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[Five minutes of... is a series of video game investigations by Margaret Robertson, former Edge magazine editor-in-chief and current development director of social game studio Hide&Seek. Here, she explores what five minutes of play reveals about a particular video game, this time focusing on the tension between gameplay and narrative in Valve's Portal 2.]
Good news, anyone who is busy or has dreadful spatial awareness: this is a column about Portal 2 you can read safe from the fear of spoilers, because it was written by someone who was too busy having dreadful spatial awareness to finish more than the first couple of hours.
Bad news, anyone who steamed through the entire game the in a single sitting: this is written resolutely from the perspective of someone who hasn't yet. There are things I don't realize yet -- haven't had a chance to realize yet -- that might have you tearing your hair out. I have put a huge amount of energy into not finding out how the game develops or ends. I really honestly don't know.
The five minutes of the game I want to talk about come at the end of test chamber 21, which isn't very far into the game at all. If you're someone with slightly more robust spatial awareness than me, test chamber 21 was probably only about 30 seconds of the game. I had a bit more standing around in mute bafflement to do than that, so for me it was five minutes.
It's not a complicated puzzle by any means. In fact, it's an unusually plain room. Airy, orthogonal, just on the tranquil side of silent. As I stand there, I can feel the meat of my brain gradually configure itself into the shape of the puzzle.
Once the shape of my brain matches the shape of the room, I know what to do. In fairly short order: light bridges are spidered up the walls, switches are switched, blocks are delivered, and I start to anticipate the little endorphin buzz I'll get from hearing the door unlock. Instead, with a pffzzt and a crash, my absent companion Wheatley smashes into the room with a new plan for escape.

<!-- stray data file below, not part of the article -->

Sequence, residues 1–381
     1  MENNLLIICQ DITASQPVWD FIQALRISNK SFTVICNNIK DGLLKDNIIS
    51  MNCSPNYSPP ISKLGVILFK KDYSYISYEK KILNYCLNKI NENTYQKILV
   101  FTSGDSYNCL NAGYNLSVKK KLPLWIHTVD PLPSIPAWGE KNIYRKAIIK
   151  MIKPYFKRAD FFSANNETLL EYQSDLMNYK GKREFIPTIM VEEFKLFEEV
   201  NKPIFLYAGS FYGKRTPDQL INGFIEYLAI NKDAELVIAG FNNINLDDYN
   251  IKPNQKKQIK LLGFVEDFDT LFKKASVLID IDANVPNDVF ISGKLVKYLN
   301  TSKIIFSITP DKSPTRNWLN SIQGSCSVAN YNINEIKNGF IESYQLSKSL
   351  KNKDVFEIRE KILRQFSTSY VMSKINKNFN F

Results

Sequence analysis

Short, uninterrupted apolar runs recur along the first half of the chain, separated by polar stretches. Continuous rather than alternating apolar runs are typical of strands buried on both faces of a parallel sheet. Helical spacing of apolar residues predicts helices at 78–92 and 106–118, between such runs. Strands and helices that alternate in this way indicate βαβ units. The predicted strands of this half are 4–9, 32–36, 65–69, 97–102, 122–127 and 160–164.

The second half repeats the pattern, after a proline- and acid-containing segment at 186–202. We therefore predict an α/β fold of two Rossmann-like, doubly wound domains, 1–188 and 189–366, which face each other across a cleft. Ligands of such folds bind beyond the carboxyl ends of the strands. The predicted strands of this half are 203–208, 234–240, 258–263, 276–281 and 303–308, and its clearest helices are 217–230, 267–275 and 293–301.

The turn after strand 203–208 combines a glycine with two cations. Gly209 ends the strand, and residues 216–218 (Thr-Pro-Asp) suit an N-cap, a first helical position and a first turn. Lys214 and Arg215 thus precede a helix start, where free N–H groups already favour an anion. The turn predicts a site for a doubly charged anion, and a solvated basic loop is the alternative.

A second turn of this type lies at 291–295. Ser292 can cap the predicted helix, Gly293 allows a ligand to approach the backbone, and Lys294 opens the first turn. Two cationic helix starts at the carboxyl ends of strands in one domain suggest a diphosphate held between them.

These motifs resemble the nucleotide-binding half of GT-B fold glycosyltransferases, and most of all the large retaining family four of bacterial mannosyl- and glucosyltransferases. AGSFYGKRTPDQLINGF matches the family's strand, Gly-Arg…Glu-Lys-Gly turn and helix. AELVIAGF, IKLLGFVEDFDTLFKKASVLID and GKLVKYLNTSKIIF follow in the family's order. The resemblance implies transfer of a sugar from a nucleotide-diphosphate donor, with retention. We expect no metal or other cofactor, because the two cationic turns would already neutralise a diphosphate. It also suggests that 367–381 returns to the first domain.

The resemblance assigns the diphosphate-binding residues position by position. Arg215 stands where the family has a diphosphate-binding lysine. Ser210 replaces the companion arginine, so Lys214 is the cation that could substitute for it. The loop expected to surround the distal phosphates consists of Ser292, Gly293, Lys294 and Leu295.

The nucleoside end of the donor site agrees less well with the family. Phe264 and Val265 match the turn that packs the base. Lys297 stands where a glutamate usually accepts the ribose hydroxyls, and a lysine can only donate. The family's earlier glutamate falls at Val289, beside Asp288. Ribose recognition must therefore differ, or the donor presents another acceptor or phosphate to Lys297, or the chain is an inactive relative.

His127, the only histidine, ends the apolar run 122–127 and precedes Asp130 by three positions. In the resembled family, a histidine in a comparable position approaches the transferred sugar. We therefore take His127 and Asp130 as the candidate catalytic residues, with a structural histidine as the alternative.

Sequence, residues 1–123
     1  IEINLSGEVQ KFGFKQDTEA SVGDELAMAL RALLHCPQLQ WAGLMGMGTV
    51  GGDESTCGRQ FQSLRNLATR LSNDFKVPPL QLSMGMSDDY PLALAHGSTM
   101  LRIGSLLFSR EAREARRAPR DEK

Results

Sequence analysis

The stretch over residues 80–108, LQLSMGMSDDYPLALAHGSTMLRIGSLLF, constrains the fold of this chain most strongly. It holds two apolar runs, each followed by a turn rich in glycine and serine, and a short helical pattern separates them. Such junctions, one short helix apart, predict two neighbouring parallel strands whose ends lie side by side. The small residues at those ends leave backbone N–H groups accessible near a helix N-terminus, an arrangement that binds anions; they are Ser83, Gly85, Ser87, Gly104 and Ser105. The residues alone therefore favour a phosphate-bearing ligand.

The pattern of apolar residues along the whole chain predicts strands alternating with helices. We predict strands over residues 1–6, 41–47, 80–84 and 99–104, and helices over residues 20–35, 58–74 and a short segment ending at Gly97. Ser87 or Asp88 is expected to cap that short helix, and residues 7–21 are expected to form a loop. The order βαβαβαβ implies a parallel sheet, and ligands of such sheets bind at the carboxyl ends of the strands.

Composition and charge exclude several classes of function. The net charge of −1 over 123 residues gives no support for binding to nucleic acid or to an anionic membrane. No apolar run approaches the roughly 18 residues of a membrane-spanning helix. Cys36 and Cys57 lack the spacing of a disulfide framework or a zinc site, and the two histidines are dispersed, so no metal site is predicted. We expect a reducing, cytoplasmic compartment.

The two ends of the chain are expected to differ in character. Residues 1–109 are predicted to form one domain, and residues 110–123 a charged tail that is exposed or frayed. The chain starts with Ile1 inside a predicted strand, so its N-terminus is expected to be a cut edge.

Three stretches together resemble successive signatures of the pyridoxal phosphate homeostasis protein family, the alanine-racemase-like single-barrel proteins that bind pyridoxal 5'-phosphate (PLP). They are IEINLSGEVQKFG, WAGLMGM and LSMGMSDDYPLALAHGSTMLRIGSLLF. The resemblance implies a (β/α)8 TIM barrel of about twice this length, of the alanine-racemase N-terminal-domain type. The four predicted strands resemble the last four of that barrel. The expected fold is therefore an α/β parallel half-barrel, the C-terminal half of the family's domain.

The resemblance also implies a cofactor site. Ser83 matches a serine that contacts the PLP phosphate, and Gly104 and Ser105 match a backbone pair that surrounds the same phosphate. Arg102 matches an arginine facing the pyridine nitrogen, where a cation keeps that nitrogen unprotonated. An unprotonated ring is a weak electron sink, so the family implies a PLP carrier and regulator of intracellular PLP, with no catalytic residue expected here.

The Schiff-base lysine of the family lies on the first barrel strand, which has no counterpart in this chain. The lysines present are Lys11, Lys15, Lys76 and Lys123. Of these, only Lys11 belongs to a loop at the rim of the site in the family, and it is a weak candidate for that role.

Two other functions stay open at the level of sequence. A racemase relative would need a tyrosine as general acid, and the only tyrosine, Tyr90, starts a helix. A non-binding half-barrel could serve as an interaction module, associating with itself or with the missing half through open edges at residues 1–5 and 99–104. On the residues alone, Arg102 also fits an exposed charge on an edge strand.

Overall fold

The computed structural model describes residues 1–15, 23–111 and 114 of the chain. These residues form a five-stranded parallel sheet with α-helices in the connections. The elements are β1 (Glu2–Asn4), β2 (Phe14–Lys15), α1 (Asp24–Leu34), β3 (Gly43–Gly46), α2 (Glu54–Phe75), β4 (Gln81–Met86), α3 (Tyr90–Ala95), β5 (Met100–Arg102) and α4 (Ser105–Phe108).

Everyone loves Wheatley, not least because everyone loves Stephen Merchant. He is introduced in the game as a flawed, friendly figure to undercut GLaDOS' immaculate cruelty. With Wheatley around, there's always someone to feel smarter than, even when GLaDOS is making you feel dumb. He's on your side, full of jokes, happy to help. And in room 21 he rejoins you, ready to lead you to safety.
I had not missed him.
I was not pleased to see him.
He spoiled my test.
For me, in this moment, his arrival robbed me of the moment of completion I ought to have earned by figuring out the puzzle. He wasn't a savior: he was a distraction and a thief. And that colored my feelings about what happened next.
For Wheatley, the next sequence is one of his big moments. Following on from his surprise entrance, he leads you on a dramatically choreographed rollercoaster through the collapsing complex. He's leading you to safety with flair and desperate courage; risking himself to rescue you. The music makes it very clear that this bit is exciting. But, just as the ride starts, GLaDOS interjects: laconic, wry, untroubled. "But you were almost at the last test. It's right here -- wouldn't you like to try?"
And there it is: the shell of a little clean white puzzle, floating in the middle of all the crumbling industrial chaos.